The AC system is designed to blow cold air when the car is moving. When the car is stationary, the AC system will blow warm air instead. This is normal. There are exceptions to this rule, but there are also some situations where your car AC gets warm when it shouldn’t.
Situations where you might have a problem:
- The AC system isn’t blowing cold air at all
- The AC system doesn’t function at all
The low-pressure switch is to blame.
When the low-pressure switch fails, your car’s air conditioning system will start working again as soon as the engine is restarted. If your air conditioning does not work after restarting it, the switch may have failed, and you should have it replaced. Once your switch has been replaced, take a shop vac to your condenser and evaporator to remove debris or buy an AC flush kit to clean out any residue that has built up inside.
Your cabin air filter is dirty.
A cabin air filter is an important part of your vehicle’s AC system. It’s located just behind the glove box and is used to filter out pollen, dust, and other particles that get into your car when you operate the HVAC system. If this filter gets dirty or clogged, it can restrict air flow to the passenger compartment, resulting in reduced airflow from the vents.
We recommend having a auto technician check your cabin air filter at each service visit if you use your vehicle daily. That way, any problems with the HVAC system can be addressed before they cause more expensive damage to the AC compressor or blower motor. If you don’t drive on a daily basis (or very often), we recommend checking it about once every 3 months for signs of debris and grime buildup.
Your hose or tube is leaking or clogged.
If your system has a leak or clog, you may have reduced airflow into the cabin when the car is stopped. If this is the case, one of two things probably happened: your condenser’s hoses or tubes are leaking, or something is blocking them. Your technician will double-check for leaks and clear any debris from your system.
There are several other reasons why your car’s AC may not be working properly, but these are some of the most common issues we see. If you’re experiencing any of these symptoms, we highly recommend having one of our auto service professionals look at it as soon as possible before a small problem becomes a big problem!
Your AC compressor may not be working properly.
Your car’s air conditioning (AC) has one job: to keep you cool and comfortable. When your AC stops working entirely, it can make driving during hot weather unpleasant, if not impossible. You may think that running or restarting the engine after stopping will help restore your AC to its former glory, but unfortunately this is often not the case.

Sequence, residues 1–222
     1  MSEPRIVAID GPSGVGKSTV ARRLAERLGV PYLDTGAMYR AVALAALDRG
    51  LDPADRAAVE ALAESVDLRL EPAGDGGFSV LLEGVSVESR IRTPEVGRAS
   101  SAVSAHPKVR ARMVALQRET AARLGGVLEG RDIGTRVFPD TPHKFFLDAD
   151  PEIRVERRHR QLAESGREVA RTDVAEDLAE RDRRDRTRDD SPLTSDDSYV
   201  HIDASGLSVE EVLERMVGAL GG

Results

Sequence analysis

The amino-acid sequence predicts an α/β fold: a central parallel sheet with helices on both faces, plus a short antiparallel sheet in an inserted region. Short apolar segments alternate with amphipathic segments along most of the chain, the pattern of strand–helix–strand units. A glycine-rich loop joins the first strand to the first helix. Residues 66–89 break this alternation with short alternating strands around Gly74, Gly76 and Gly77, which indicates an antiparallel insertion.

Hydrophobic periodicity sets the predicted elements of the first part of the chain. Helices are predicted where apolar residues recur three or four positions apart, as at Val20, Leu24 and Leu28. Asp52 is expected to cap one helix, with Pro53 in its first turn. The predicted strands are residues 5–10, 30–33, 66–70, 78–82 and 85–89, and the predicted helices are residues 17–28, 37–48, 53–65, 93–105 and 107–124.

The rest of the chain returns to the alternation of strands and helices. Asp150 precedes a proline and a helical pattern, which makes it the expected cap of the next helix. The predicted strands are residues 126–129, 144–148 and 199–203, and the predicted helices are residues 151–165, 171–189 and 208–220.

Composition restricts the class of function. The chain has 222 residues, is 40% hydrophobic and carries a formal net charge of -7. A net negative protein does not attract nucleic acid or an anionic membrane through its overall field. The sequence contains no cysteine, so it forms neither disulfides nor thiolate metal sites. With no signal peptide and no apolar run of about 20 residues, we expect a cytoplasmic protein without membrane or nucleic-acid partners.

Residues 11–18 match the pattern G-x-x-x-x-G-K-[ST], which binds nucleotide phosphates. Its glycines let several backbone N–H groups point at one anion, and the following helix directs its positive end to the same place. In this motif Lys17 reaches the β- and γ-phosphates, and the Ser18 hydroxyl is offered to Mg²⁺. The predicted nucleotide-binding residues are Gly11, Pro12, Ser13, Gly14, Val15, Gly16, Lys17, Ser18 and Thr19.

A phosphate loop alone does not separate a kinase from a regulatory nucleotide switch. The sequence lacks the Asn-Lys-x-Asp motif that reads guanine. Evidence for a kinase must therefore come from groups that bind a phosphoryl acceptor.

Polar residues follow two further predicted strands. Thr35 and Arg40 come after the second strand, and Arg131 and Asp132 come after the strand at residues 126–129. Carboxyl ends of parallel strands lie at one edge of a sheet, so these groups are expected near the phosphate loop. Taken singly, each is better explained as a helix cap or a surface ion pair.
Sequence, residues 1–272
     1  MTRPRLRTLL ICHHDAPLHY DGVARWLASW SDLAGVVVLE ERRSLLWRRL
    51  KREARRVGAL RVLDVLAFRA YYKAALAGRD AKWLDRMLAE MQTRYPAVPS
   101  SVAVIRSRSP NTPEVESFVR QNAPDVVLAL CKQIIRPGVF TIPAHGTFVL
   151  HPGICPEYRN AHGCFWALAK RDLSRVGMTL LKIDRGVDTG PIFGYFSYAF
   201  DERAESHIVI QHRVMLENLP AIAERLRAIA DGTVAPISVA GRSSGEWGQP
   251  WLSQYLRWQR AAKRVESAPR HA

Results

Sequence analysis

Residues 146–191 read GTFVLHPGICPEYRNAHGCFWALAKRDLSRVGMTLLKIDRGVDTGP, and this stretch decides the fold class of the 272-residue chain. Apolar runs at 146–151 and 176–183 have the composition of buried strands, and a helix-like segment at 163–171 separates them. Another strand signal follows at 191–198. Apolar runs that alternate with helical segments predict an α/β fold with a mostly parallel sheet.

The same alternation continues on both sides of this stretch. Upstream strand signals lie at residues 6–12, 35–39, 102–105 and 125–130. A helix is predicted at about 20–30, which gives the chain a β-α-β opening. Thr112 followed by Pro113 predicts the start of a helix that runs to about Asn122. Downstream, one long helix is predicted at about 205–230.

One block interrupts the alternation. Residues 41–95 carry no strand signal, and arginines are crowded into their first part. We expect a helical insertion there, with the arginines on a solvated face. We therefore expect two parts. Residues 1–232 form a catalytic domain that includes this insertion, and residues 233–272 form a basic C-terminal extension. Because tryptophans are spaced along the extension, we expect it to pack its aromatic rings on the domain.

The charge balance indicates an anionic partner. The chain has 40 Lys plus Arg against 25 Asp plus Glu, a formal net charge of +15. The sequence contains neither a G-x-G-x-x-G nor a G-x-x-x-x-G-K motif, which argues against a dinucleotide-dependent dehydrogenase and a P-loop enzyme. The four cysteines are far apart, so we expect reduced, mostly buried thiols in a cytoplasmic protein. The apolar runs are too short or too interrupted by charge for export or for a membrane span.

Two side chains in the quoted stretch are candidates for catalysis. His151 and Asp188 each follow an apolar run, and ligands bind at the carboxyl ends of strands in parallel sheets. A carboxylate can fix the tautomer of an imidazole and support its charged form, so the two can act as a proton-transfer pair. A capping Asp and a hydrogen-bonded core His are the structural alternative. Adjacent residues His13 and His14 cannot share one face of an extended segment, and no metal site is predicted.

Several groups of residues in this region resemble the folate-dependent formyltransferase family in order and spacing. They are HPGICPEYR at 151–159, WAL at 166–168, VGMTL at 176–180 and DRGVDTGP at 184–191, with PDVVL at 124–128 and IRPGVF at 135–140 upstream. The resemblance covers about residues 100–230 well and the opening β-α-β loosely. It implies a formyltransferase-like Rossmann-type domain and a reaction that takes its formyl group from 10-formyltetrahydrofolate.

To better understand why this is the case, we should look at how your car’s AC system works. Your vehicle’s AC system consists of a few key parts: a compressor, condenser, evaporator, and expansion valve or an orifice tube. All these parts contribute to creating cold air that flows into your vehicle’s cabin when you turn on the AC.
Here are some common reasons as to why your car’s AC may fail while at a stoplight:*Your compressor isn’t working properly.*Your AC turns on and off while accelerating.*You hear unusual noises coming from under the hood.*The airflow from the vents is not as strong or steady as it used to be.*You smell something strange when turning on the air conditioning.
Check the coolant level in your AC system.
Your car AC compressor is a pump that moves the refrigerant throughout the system. It puts pressure on the coolant, forcing it to be compressed into a hot gas and then sent through the other two components of your air conditioning system, called an evaporator and condenser. The evaporator cools the air by heat soaking it away from it. The condenser uses an expansion valve to expand the gas back into a liquid which turns back into a cold liquid again.
When these parts aren’t maintained properly or when they have deteriorated due to not being used, they can lead to warm air blowing out of your vents instead of cold air—and that’s no good!
So before you head over to your local repair shop with cash in hand, check your coolant level first. Look at the low-pressure side of your car’s AC hoses and see if there is any freon escaping from them. If there isn’t any leaking refrigerant present, then you likely just need a recharge on your system so that it can start pushing cold air again!
There are a few reasons why this might happen, but you can always bring it in for a free inspection.
You might notice that your car’s air conditioning is only getting warm when you’re sitting at a stoplight, or when you’re stuck in traffic. There are a few reasons why this might happen:
- The AC is cycling on and off
- It’s low on refrigerant
- The fan speed is low
- Your evaporator temp sensor isn’t working properly
- Your compressor clutch isn’t engaging properly